Public worries over the MERS virus outbreak in South Korea didn’t stop young couples from packing into a Seoul movie theater to catch “Jurassic World,” the latest film in the 15-year-old Hollywood franchise about scientists resurrecting extinct dinosaurs. Each moviegoer paid the equivalent of about $16 for the privilege of seeing the film in “4D” — an experience that aims to transform traditional moviegoing into an amusement park ride complete with 3D glasses, shaking chairs and occasional jets of air or water squirting people’s faces. The 4D movie concept has proven popular enough to spread well beyond South Korea and even to reach U.S. shores, but halfhearted attempts to retrofit traditional films with 4D effects may limit the storytelling format’s potential in the long run.
The 4D technology itself is nothing new. Amusement parks such as Disneyland and Universal Studios have featured 4D ride experiences in specialized settings for more than 30 years. More recently, a South Korean company named CJ 4DPLEX has built a global business upon a chain of “4DX” movie theaters that aim to enhance on-screen action with motion chairs and environmental effects ranging from scents to bubbles. The idea of combining Hollywood’s biggest blockbusters with the multi-sensory thrills of amusement park rides has proven fairly effective at attracting moviegoers willing to pay higher ticket prices for the promise of added novelty. Yet in practice, I suspect that many 4D movies run the risk of disturbing the cinematic storytelling experience with effects that seem more gimmicky than immersive.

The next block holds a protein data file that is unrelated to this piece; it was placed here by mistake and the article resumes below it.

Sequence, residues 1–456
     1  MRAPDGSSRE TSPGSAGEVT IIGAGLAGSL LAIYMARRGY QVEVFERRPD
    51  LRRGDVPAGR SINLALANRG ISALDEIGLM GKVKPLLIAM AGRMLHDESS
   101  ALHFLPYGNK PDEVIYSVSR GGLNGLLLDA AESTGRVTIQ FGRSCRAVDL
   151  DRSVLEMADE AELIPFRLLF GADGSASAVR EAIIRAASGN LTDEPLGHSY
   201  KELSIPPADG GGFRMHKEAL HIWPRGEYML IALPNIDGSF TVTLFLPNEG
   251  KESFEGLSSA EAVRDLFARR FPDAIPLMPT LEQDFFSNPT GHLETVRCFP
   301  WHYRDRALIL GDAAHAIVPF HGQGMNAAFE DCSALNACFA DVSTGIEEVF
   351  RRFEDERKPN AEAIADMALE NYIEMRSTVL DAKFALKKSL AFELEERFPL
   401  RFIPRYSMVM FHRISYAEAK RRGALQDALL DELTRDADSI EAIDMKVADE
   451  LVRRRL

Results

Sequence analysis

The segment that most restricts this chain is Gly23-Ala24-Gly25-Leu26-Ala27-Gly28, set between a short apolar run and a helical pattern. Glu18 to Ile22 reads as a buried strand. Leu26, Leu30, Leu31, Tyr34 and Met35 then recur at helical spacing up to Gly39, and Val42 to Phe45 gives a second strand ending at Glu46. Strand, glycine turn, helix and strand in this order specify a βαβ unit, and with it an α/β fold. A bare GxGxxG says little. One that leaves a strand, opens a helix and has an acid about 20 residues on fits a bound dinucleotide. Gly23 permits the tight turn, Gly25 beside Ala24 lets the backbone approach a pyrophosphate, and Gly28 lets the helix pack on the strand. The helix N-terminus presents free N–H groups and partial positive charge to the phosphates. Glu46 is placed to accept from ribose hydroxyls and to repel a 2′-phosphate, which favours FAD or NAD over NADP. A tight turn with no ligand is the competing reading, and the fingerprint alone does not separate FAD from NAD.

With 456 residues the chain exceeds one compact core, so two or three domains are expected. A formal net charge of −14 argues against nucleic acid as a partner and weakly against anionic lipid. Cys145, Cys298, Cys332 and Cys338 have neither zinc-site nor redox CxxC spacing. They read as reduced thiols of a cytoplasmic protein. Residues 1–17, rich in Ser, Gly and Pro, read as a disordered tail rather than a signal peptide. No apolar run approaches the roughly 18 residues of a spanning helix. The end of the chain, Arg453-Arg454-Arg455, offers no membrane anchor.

My viewing of “Jurassic World” in Seoul served as an intriguing but ultimately disappointing introduction to the limitations of 4D moviegoing. During one of the earlier sequences of the film, I chuckled a bit to myself as my movie theater seat moved up, down and even tilted to mimic the motions of an on-screen helicopter approaching the Jurassic World dinosaur park. But as the movie went on and the action scenes became wilder, the 4D effects became more and more distracting. The hissing sound of air jets puffing past my head interrupted the movie’s audio at key moments. My chair frequently shook itself in a way that felt like I was watching the movie in the middle of a minor earthquake. At the height of certain action sequences, my seat behaved like an out-of-control massage chair pummeling my back and underside as I tried to focus on the fate of film characters fighting or fleeing the “Jurassic World” menagerie of prehistoric creatures. With only a few scenes standing out as exceptions, the 4DX theater experience mostly felt like a letdown.
I’m not just someone who hates 4D effects. I have fond memories of going through a much older “4D” experience built for the “Back to the Future” ride at Universal Studios Hollywood when I was younger. The “Back to the Future” ride, which ran from 1993 until 2007 at the Hollywood and Orlando locations, featured a motion simulator modeled on the flying DeLorean car that acts as a time machine in the “Back to the Future” films. The motion simulator worked together with the action displayed on an IMAX screen to give the impression of a wild, flying-car chase through time that included action sequences such as crashing through neon signs and being temporarily swallowed by a Tyrannosaurus Rex. The T. Rex looked fairly crude compared with the Hollywood version that appears in the first “Jurassic Park” film from 1993 — let alone the latest version in “Jurassic World” — but the overall 4D experience still felt far more believable than the 4DX theater version of “Jurassic World.”